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CERN Courier magazine: May 2017 digital edition

Cern Courier

Welcome to the digital edition of the May 2017 issue of CERN Courier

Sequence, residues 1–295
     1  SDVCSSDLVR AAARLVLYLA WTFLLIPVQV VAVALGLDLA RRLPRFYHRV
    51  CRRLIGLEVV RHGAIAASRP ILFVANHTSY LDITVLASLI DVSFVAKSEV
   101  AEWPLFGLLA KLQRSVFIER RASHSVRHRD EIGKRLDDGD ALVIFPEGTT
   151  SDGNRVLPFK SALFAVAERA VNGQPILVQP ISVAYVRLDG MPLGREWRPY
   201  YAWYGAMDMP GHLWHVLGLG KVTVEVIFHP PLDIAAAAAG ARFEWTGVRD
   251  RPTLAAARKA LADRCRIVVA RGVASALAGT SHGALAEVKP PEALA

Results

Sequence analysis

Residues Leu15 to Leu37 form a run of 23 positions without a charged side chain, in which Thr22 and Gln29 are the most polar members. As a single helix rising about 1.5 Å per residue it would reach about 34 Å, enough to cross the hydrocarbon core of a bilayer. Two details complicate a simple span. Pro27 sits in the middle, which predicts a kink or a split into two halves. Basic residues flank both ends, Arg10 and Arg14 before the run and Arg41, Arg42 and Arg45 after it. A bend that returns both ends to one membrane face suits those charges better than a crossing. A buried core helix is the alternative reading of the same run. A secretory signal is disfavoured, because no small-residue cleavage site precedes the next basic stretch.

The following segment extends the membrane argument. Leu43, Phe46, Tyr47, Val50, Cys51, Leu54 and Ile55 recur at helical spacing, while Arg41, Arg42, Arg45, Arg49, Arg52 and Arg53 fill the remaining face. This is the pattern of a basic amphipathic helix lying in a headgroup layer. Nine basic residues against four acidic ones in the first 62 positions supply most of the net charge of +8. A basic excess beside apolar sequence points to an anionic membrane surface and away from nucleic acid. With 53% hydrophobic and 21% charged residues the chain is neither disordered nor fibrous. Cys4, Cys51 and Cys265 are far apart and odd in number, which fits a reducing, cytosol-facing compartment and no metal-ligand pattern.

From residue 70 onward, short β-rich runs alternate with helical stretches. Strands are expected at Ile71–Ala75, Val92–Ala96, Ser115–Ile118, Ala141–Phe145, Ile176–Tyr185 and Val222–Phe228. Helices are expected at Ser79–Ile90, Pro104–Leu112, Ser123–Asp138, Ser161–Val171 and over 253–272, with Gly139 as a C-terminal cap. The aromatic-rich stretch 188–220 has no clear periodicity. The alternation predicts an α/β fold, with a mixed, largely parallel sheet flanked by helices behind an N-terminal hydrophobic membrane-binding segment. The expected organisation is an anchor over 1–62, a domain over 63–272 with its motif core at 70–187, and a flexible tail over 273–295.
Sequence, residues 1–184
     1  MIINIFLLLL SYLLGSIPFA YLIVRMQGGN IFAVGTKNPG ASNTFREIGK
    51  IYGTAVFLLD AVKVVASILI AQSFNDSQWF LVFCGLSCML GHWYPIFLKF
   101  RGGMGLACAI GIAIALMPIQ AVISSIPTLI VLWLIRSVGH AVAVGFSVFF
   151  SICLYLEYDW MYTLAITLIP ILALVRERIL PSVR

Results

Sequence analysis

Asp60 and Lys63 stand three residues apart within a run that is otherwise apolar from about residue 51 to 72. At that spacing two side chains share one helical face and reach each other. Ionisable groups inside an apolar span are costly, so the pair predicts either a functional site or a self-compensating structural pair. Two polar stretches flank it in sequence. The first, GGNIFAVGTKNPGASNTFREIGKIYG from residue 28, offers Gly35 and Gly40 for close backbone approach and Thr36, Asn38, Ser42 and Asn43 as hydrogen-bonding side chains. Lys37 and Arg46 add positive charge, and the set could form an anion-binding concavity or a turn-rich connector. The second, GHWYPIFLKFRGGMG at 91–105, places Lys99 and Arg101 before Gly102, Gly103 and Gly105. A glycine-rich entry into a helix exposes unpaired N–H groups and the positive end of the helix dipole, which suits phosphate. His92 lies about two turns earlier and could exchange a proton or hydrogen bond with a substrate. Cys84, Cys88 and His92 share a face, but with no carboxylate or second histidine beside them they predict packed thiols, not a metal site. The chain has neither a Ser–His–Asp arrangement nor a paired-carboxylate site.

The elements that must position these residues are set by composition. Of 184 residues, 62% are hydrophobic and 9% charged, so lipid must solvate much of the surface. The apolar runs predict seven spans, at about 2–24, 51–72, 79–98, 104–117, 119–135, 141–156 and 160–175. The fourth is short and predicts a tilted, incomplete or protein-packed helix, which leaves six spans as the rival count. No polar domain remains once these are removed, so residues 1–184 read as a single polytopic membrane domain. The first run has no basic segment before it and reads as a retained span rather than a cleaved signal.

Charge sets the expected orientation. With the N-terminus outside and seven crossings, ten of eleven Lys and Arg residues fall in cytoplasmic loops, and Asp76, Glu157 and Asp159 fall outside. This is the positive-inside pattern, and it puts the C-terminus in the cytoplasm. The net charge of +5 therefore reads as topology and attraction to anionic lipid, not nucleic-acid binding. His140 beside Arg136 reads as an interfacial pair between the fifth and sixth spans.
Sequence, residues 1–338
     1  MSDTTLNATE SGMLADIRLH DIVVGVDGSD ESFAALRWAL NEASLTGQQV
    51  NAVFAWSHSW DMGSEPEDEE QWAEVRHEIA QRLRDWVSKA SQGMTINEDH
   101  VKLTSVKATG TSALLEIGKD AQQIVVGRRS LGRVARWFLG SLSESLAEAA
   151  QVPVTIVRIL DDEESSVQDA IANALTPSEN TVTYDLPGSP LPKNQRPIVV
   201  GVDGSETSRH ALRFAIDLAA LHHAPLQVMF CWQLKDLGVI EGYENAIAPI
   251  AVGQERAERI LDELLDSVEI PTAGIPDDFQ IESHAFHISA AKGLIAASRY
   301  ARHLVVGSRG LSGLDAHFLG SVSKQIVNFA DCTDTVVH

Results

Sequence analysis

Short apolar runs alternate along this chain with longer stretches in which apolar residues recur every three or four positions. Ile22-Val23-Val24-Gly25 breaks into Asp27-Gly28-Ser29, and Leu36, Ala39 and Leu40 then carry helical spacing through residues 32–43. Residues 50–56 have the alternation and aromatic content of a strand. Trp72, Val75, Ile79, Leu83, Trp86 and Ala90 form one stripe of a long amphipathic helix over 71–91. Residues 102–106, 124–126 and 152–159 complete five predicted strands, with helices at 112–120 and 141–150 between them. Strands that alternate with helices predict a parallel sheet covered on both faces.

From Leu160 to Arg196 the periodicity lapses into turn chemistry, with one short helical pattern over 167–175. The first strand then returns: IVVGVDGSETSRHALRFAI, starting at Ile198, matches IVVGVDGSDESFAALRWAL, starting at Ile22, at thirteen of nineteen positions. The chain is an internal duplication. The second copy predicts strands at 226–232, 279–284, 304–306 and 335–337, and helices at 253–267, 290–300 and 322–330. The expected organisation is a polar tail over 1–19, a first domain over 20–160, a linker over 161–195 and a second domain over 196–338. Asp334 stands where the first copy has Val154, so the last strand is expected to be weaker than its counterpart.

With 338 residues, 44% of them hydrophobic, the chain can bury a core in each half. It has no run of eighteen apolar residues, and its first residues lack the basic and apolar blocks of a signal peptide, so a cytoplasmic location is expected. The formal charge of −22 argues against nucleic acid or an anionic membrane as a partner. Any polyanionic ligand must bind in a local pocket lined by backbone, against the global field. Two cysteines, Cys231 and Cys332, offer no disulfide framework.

The first meeting at which the Large Hadron Collider (LHC) was officially discussed took place in March 1984, almost a quarter of a century before the first beams circulated in the machine. Following the outcome of the 2013 European Strategy for Particle Physics, CERN launched a Future Circular Collider (FCC) project to help assess what tool should come next after the LHC to continue its journey to the heart of matter. The FCC, which is among a handful of other high-energy colliders currently under consideration, envisages a 100 km-circumference tunnel in which three different collider modes could be realised: an e+e collider that would improve by orders of magnitude the measurement precision on the Higgs boson and other Standard Model particles; an electron–proton collider that would probe the proton’s substructure with unmatchable precision; and a 100 TeV proton–proton collider with a discovery potential more than five times greater than the LHC. This month’s cover feature describes the enormous physics potential of such a facility, in particular its ability to measure in detail the properties of the Higgs boson. We also describe the history of dark matter, the search for which is another key goal of the LHC and future colliders, and describe how ESA’s Euclid probe will unearth the true nature of the “dark energy” that is driving the accelerating expansion of the universe. Sticking with the darkness theme, we interview theorist Erik Verlinde, who argues that dark matter is not real.

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